Transformation of a City
Vienna’s Christmas Markets attract millions each year
Suddenly it’s December: We emerge from the U-Bahn into the crisp night air, under a sky heavy with the promise of snow. Above the Graben, glimmering chandeliers dangle from the darkness, its vast space ablaze with light like an open-air ballroom. Left, along the Kohlmarkt, the pace quickens at the confectionary Demel, as pastel treats call alluringly through the window glass. On through the Hofburg passage, footsteps echo against stones of the arcade, past the blanketed horses who stand clomping and snorting, leaving a cloud of hot breath frozen in the air. Across Heldenplatz and through the Burgtor Gate...
And we’re there: It’s the grand dame of Austria, the Empress Maria Theresia, seated above strings of golden bulbs adorning wooden huts. Though one of the newer Christmas markets in Vienna, the Maria Theresian Platz Christkindlmarkt retains a special, timeless charm. Sandwiched between ornate buildings of the Empire -- the twin museums of the History of Art and Natural Science – the market plays host to a pleasing bustle of activity at the feet of these majestic landmarks. Clustered figures swaddled in thick coats congregate by the wooden huts, warming their hands on a hot mug of Punsch, drawn to the Christmas lights like moths to a flame. Drifting along the promenade, shoppers trawl for trinkets, far from the commercial drone of the shopping mall and high street.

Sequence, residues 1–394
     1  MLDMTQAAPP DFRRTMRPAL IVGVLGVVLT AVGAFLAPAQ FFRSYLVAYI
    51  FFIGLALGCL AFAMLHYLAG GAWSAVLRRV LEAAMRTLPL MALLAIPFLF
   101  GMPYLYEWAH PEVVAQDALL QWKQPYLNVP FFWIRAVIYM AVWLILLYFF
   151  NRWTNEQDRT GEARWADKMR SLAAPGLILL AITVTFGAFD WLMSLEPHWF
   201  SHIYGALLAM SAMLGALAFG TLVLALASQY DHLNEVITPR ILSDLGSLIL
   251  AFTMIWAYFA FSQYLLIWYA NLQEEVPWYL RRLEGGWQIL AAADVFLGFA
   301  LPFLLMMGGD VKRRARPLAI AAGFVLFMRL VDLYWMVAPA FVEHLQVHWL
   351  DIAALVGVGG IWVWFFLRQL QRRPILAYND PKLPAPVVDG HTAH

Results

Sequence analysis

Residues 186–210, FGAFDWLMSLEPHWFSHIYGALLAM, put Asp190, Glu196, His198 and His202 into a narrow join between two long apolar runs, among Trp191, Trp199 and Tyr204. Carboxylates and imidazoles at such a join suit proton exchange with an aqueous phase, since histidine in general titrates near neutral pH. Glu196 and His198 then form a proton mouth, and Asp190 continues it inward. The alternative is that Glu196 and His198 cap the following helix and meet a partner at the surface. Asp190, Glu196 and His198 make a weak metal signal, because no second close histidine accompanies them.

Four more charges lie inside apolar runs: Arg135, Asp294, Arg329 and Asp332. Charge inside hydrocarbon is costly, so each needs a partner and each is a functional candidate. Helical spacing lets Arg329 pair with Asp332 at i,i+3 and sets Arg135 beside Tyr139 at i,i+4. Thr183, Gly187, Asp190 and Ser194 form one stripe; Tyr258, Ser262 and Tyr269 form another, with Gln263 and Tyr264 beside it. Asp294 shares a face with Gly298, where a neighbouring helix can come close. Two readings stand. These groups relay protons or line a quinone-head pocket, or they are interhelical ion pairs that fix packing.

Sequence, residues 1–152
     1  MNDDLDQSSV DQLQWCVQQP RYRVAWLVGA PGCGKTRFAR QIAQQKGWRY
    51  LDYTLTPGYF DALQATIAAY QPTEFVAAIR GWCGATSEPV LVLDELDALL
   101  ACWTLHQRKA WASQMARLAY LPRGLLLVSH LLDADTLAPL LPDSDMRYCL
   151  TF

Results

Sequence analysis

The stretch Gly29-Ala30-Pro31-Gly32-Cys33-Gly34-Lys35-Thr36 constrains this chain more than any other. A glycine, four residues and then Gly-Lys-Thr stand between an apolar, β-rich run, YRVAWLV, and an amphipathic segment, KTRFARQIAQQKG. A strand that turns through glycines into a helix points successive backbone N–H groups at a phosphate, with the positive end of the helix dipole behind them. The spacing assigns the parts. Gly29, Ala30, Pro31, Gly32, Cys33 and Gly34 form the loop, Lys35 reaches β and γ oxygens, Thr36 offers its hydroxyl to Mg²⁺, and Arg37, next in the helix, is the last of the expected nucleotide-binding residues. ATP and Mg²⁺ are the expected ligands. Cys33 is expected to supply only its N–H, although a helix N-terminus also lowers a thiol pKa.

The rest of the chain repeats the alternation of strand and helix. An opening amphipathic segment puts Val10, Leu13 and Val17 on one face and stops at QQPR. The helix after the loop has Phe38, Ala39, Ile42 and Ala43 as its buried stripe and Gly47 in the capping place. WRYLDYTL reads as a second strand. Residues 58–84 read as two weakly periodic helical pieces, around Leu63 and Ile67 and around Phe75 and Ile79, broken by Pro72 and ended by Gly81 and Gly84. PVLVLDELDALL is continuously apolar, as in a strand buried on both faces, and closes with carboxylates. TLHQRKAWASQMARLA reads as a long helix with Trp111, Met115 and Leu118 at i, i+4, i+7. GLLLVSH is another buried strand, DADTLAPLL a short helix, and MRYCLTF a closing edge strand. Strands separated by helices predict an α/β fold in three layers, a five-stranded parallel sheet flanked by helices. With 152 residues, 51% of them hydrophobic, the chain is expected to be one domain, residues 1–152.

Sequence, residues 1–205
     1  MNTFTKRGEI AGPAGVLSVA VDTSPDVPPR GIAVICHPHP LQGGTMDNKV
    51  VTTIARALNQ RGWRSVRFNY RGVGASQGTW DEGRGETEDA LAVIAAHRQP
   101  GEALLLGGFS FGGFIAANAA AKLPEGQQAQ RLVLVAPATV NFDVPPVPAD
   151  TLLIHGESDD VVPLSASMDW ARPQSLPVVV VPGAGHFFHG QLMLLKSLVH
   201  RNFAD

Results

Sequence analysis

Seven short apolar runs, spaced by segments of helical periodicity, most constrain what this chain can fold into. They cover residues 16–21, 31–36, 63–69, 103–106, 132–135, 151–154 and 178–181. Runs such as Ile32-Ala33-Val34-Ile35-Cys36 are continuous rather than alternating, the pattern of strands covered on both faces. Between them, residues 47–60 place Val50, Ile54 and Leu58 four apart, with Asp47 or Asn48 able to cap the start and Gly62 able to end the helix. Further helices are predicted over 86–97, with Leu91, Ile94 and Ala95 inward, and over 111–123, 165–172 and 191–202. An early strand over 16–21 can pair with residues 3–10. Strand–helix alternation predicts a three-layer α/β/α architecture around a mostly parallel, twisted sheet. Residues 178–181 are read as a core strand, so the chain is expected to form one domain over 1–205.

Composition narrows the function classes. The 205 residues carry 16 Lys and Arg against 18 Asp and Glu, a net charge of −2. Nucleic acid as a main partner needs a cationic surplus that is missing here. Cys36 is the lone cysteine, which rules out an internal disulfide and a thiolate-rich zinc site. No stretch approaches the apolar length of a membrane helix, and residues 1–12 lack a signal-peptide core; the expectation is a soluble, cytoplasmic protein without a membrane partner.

Walking through any of cities numerous Christkindl markets, the season fizzles and buzzes with Vienna’s centuries’ old celebrations. First appearing as the ‘December Markets’ in 1296, they were established by a sanction from Duke Albrecht I, son of the first Habsburg King Rudolf. By the 17th century, the huts on the Graben and in front of Saint Stephen’s Cathedral sold baked goods, gingerbread and confections until the ‘twelfth’ Night.
Today, some three million people visit the Vienna Christmas markets. Undoubted the most popular is the city’s Christkindlmarkt at Rathausplatz, with alleys of trees hung with glowing lanterns bordening the wide square. With the gothic Rathaus rising proudly behind, visitors meander between wooden cabins chocked full of decorations, woolens and gifts in purple, red, and green. Glinting in the reflection of candles sold next door, frogs and sphinx-like baubles dance amongst the more traditional globes. A hollow musical nonsense floats from tiny hands playing with wooden instruments. Old and young pass by, munching on knotted pretzels or roasted chestnuts nestled in crisp paper cones. Weary visitors and fidgeting children snake through the Rathaus park aboard the miniature Christkindlexpress, chugging past every decorated tree on the ten minute tour.